Such fracturing techniques are well known to those skilled in the art, particularly for use with consolidated formations. When unconsolidated formations are fractured, several difficulties are encountered. First, the fracture is difficult to complete since the unconsolidated formations readily collapse into the fracture when the pressure is removed. To overcome this difficulty, proppants have been used and proppants coated with an adhesive or tacky material have been used in an attempt to maintain an open flow pathway in the unconsolidated formation after pumping is stopped.

Even with such techniques, it has been found that substantial quantities of finely divided particulate material from the unconsolidated formations or zones are produced back into the wellbore through the fracture. This can result in a number of problems varying from plugging the fracture to filling the wellbore below the perforations through which the fracture was completed to shortening the life of pumping equipment and the like. Tile production of finely divided particulates from such fractured unconsolidated zones has been aggravated by the jetting action of the fracturing fluid into the fracture area through the perforations which tends to fluidize the formation in the vicinity of the wellbore and the fracture to some extent. As a result, techniques such as the use of adhesive or tacky proppants have been used, gravel packs have been used in the well to prevent the production of finely divided particulates into the wellbore and the like. Most of these techniques are relatively expensive and in many instances are of limited effectiveness. It is much more desirable if the production of finely divided particulate materials from the unconsolidated formation can be avoided completely.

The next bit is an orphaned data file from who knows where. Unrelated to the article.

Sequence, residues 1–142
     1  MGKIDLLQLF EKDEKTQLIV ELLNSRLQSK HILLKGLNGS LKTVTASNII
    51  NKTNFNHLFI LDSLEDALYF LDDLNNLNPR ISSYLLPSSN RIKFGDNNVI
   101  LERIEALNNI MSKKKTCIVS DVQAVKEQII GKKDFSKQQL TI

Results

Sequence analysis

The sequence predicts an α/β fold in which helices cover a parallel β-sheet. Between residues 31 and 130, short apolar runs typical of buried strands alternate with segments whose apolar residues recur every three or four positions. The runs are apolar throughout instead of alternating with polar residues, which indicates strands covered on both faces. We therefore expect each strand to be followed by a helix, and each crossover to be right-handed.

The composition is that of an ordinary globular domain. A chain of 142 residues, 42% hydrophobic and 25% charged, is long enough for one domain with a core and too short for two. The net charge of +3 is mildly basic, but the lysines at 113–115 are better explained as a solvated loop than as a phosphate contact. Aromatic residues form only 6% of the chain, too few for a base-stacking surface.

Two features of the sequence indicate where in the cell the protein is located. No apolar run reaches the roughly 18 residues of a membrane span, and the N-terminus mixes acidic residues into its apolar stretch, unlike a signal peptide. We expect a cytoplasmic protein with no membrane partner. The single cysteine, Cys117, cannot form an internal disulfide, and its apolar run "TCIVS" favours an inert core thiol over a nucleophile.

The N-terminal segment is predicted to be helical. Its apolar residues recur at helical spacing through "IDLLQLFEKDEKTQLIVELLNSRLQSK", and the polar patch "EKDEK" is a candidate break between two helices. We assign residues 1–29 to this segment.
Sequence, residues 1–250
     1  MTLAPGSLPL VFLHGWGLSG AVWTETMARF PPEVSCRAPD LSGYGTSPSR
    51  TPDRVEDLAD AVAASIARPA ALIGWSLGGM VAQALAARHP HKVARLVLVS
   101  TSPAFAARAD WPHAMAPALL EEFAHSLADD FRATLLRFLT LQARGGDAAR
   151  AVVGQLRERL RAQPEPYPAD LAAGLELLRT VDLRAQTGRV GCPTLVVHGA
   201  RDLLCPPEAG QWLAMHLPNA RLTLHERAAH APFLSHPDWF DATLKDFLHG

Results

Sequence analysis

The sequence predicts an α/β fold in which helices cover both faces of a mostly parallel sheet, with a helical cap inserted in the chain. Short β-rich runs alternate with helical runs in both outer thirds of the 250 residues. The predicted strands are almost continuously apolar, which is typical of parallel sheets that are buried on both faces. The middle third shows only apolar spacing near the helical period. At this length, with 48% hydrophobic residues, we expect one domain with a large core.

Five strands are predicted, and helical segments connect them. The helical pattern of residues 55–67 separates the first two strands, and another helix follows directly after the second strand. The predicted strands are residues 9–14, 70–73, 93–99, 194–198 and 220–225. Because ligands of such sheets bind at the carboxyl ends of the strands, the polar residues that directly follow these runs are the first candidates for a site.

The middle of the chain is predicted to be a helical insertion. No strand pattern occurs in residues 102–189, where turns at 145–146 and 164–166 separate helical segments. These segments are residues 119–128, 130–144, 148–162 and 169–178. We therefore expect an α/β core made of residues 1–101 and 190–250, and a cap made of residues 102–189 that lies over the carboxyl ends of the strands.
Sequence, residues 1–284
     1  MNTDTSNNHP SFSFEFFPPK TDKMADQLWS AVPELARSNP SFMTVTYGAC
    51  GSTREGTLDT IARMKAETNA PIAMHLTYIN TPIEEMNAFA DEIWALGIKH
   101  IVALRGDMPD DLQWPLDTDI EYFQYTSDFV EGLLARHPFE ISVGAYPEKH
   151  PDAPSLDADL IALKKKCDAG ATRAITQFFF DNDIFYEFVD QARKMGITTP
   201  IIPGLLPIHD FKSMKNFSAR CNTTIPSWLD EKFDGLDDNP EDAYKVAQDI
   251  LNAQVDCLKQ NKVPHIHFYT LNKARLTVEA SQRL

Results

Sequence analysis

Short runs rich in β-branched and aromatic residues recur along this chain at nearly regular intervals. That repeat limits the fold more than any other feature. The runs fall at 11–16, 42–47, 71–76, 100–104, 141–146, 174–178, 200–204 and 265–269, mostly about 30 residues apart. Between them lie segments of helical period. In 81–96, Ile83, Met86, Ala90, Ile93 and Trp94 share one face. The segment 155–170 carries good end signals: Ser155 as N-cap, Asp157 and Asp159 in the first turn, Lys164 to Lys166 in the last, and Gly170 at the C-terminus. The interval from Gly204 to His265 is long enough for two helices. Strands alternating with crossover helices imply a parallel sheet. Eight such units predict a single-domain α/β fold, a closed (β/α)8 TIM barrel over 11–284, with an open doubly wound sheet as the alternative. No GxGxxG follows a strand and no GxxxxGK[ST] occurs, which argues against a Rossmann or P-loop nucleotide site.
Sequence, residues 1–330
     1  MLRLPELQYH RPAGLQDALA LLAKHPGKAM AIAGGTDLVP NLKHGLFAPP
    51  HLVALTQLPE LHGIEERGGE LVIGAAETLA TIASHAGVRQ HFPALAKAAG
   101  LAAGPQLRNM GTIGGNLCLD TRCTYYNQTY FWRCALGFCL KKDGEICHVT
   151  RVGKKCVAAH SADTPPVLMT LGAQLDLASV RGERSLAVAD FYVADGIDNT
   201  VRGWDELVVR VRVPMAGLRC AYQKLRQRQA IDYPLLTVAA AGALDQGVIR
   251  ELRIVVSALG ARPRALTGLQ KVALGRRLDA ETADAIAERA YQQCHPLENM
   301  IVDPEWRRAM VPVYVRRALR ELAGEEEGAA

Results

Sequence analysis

Accordingly, a continuing effort has been directed to the development of improved fracturing methods and improved production methods which achieve the production of fluids from a fractured unconsolidated subterranean formation without the production of finely divided particulates from the unconsolidated formation.

SUMMARY OF THE INVENTION

According to the present invention, an indirect hydraulic fracturing method is provided for fracturing an unconsolidated zone in a subterranean formation comprising the unconsolidated zone and at least one consolidated zone positioned near the unconsolidated zone wherein the subterranean formation is penetrated by a cased wellbore by perforating a casing in the cased wellbore in a consolidated zone near the unconsolidated zone; and, fracturing the consolidated zone to form a fracture extending into the consolidated zone and from the consolidated zone into the unconsolidated zone.

The present invention further comprises a method for restricting the production of finely divided particulates from a fractured unconsolidated zone in a subterranean formation, the subterranean formation comprising the unconsolidated zone and at least one consolidated zone near the unconsolidated zone, the subterranean zone being penetrated by a cased wellbore by: perforating a casing in the cased wellbore in a consolidate zone near the unconsolidated zone; fracturing the consolidated zone to form a fracture extending into the consolidated zone and from the consolidated zone into the unconsolidated zone; and, producing fluids through the cased wellbore from the unconsolidated zone through the fracture in the consolidated zone and the perforations in the casing in the cased wellbore.

BRIEF DESCRIPTION OF THE DRAWINGS

FIG. 1 is a schematic diagram of a typical prior art fracturing method;